Snippets: Yes – definitely chill them or even freeze them for a few minutes before baking. It really makes a big difference in how they bake up. The recipe wasn’t written that way though so don’t feel bad – it’s something I’ve learned along the way through trial and error.
So pretty! I love the color and how perfect they turned out!
I’ve always wanted to make linzer cookies, but just haven’t before. Maybe this will be the year! They are gorgeous!
Totally worth the patience of making them! They turned out beautifully! Buzzed 🙂
These are beautiful. I love the photo of the powdered sugar! 🙂
Love, love your blog! So creative! Mmmm…these look so good & so pretty too. Thanks for sharing, can’t wait to make them.
I finally found a linzer cookie cutter(I have looked for one forever) and made them for the first time this Xmas and they are so pretty and taste amazing! One of the prettiest cookies I have ever made!
I have been making these every Christmas since I found the recipe featured as a “cookie of the month” in “Living” magazine back in 2007. They are one of my most asked-for cookies. And your’re right….they are not difficult to make. At Christmas, I cut out a start shape instead of the heart.
Your cookies look beautiful! When you say you omitted the ground pecans, did you compensate with a little extra flour or anything- I just wondered how much not adding the pecans would affect the liquid-to-dry ratio?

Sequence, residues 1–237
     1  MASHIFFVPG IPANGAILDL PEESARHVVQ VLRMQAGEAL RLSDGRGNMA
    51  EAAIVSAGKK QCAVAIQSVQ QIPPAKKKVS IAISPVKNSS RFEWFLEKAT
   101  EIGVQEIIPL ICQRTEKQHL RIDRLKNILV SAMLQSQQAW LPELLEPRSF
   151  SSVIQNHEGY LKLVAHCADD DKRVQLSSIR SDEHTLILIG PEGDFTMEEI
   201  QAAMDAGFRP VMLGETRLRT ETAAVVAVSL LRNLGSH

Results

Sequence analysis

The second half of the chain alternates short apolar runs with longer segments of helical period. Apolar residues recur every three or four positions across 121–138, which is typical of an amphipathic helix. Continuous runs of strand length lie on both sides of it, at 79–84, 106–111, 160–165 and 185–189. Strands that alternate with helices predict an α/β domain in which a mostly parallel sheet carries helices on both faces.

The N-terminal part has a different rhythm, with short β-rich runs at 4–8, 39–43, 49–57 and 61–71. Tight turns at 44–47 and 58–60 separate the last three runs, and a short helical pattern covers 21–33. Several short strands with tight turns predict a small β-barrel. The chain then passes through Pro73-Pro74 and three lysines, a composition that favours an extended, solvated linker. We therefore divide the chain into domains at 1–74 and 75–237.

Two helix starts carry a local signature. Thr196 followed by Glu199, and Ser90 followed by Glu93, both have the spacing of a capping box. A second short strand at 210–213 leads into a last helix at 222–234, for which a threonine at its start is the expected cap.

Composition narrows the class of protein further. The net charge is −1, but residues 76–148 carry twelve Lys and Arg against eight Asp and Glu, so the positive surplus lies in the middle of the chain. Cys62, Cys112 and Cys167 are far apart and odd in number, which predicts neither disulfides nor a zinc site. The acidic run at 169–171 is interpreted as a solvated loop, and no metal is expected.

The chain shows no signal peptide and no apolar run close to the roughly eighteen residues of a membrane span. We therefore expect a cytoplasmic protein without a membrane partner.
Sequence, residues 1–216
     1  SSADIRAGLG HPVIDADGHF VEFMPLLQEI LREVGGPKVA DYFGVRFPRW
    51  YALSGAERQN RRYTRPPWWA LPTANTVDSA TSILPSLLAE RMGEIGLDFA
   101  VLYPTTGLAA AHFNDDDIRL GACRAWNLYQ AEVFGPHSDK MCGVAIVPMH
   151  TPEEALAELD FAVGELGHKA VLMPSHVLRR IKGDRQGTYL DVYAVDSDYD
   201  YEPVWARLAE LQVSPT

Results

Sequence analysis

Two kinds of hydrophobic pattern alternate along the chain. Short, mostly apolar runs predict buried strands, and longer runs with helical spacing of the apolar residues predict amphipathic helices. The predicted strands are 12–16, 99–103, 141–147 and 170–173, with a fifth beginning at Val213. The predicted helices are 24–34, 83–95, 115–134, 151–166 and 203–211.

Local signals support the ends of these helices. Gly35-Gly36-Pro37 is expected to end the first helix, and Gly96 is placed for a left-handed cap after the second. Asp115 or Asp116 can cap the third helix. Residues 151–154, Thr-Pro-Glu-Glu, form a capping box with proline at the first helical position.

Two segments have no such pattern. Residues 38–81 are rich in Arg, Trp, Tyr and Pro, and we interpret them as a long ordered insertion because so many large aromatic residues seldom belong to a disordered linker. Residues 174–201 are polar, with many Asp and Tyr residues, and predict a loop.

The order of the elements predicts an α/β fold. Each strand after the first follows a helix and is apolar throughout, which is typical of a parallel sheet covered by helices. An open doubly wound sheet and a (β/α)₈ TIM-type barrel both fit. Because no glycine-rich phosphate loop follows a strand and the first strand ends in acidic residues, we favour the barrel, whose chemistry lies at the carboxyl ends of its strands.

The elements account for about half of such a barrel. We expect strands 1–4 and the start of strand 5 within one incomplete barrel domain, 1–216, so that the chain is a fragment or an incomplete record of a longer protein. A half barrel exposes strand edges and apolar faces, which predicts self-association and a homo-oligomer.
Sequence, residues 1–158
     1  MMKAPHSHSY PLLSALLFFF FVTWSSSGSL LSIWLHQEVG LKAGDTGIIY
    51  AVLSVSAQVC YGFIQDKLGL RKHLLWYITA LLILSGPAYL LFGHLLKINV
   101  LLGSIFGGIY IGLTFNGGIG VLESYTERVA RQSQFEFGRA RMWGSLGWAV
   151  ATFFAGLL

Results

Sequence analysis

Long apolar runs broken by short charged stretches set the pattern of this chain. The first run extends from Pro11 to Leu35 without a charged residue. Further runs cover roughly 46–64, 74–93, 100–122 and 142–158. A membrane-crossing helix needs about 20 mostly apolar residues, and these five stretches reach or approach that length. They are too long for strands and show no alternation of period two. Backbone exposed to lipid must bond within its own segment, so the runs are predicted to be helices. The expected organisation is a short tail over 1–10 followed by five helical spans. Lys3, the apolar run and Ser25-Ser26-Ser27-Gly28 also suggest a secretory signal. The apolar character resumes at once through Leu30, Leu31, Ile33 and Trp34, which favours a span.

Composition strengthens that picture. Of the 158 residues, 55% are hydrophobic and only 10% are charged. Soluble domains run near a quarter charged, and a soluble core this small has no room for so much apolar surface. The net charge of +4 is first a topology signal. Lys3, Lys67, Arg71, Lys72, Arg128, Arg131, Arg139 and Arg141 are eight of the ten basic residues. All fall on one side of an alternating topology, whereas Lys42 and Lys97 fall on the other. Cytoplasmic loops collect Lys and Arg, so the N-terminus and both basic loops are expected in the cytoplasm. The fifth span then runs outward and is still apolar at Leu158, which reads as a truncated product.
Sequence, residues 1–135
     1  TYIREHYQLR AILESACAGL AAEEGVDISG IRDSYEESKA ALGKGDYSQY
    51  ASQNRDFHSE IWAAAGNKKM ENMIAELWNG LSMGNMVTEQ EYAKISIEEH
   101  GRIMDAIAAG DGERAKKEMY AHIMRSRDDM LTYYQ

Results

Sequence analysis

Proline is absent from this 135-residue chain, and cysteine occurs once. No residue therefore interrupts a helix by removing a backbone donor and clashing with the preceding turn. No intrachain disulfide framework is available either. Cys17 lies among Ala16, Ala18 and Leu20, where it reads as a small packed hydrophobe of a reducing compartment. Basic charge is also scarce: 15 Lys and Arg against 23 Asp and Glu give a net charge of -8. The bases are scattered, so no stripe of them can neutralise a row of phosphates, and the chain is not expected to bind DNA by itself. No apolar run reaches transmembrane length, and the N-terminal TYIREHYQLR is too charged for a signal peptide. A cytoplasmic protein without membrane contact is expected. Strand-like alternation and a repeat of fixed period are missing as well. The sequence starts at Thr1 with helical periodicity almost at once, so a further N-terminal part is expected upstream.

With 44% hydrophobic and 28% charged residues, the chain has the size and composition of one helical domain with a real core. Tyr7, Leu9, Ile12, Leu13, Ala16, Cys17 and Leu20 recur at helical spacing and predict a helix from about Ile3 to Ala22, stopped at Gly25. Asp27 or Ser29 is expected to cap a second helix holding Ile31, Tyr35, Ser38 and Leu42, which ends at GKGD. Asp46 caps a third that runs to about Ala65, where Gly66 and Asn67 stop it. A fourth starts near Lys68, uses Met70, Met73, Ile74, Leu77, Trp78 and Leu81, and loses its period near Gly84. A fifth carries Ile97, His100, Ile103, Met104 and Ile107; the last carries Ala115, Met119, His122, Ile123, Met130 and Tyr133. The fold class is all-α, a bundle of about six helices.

Thank you! No, I didn’t add anything else to the dough and didn’t have any issues with a wet dough.
[…] Raspberry Linzer Cookies […]
These are gorgeous and a cookie that I’ve never made! Thanks to you, I have the perfect recipe!!
I hope you love it!
Ant idea how much the ground pecans measure out to.
Hi Grace! It depends on how finely ground they are. For coarse-ground pecans, I would estimate you would need about 1/3 cup. For finer ground pecans, maybe 1/4 cup. Enjoy!!
Can you freeze them and if you can how long ?
You can cut out and freeze the dough shapes for up to 2 months. Though some people do, I don’t recommend freezing the baked cookies since they’re more susceptible to freezer burn than the dough is. Happy baking!
I’ve one question about pecans can i add almond flour instead of pecan ?
What is the appropriate amount of almond flour in this recipe
Thank you so much for this recipe 🌹
Hi Amjad, Yes, you can use almonds in place of the pecans in this recipe. I don’t know how much almond flour you would need though. The recipe calls for 3/4 cup of pecan halves so I suggest 3/4 cup whole almonds or 1/2 cup slivered almonds instead of the pecans. I hope this helps! Happy baking!
I just tried this cookie recipe and followed it exactly and they turned out SO amazing! They held their shape and are not overly sweet, which I love! They were a huge hit, even for the non-vegans haha
I already wrote a comment saying how amazing these cookies turned out, but I mentioned that they are vegan lol and that’s obviously not the case… however I did use vegan butter, but still used one egg like the recipe called for and they turned out perfect. So if anyone is wanting to make these dairy free it definitely works!
Thanks for coming back to leave a review, Rachel!! I’m so glad you loved these cookies! Your vegan butter substitution is a great idea too. A flax egg (mix 1 tbsp ground flax with 3 tbsp water) or an egg replacer would make these cookies vegan in addition to the vegan butter.